In our design program, there was one lab with a few PCs and crude paint software. And yet, to draw a squiggle on the screen felt like magic. Not many students took interest in these computers. Our projects required clean typography. One way to do that was to trace by hand and paint with gouache. Yes, we actually hand-painted our type, mainly headlines, but if you were insane enough, small type as well. I was insane and also poor.
Students who were bankrolled by parents could afford INTs — a type of transfer like a custom Letraset. We gouache types felt superior in our willingness to hand-craft our type, but really we were just jealous. And yet, even though this was painfully slow, we knew we were developing an intimacy with letterforms, drawing and spacing them just so — a skill that comes in handy even now because out-of-the-box type often requires some manipulation.
I digress, but it’s important to put this into context. For one thing, phones were still largely connected to walls (younger readers take note). There was no free music on the internet. There was no internet, at least for common folk.
I had never seen a Mac and I’m not sure I had heard of one.
I don’t recall why but I understood that this computer was cool. Probably because our boss would allow only certain of us to touch it. It sat unused much of the time because A) is was very small and hard to do a newsletter layout with it, and B) we weren’t yet able to output camera-ready layouts. We still hand-specified our manuscripts, sent them to a typesetter and used cave-man like tools to put a layout together.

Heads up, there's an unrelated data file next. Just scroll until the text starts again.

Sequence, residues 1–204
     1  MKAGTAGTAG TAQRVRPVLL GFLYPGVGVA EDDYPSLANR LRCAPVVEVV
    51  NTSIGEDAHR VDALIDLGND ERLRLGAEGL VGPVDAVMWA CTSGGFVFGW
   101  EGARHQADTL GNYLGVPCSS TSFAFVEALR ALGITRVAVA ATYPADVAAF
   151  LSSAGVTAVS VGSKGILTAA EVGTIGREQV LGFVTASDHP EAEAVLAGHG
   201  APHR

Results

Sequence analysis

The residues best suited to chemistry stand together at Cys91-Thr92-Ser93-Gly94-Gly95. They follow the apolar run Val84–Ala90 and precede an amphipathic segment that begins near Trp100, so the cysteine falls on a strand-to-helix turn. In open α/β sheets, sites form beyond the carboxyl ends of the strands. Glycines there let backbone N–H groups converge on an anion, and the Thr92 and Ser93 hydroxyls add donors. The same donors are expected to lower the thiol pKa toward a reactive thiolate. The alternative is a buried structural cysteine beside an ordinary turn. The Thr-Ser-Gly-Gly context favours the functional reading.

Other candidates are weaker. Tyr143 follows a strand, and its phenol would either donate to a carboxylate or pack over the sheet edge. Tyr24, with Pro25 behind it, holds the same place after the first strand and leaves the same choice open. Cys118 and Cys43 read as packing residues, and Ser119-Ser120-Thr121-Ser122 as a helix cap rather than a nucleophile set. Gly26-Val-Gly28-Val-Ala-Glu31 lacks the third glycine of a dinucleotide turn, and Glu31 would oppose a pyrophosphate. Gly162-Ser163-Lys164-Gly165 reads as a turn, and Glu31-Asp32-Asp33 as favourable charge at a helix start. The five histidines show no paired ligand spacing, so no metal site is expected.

There was also no such thing as halftones on the computer. In fact, it would take a few versions of the Mac before we stopped making halftones in a dark room (oh, the drudgery) to mash up with our computer-created layouts. Back then, we knew we were a little slow to adopt all the technology. Our new boss was resistant to the computer and discouraged us from using it fully, much to our annoyance.
Steve Jobs’ story of how typography came to the Mac is well-known. But for those who don’t know, he had taken a random calligraphy class at Reed College because he had seen beautifully done posters around campus. He spent hours learning about letter and word spacing, thinking he was just killing time and having a creative outlet.
“None of this had even a hope of any practical application in my life. But ten years later when we were designing the first Macintosh computer, it all came back to me, and we designed it all into the Mac. It was the first computer with beautiful typography. If I had never dropped in on that single course in college, the Mac would have never had multiple typefaces or proportionally spaced fonts, and since Windows just copied the Mac, it’s likely that no personal computer would have them.”
Steve also said he wanted to put a “ding in the universe.”He certainly did that. And he also put a ding in people’s hearts.
(Image Credit: Blakespot / Flickr)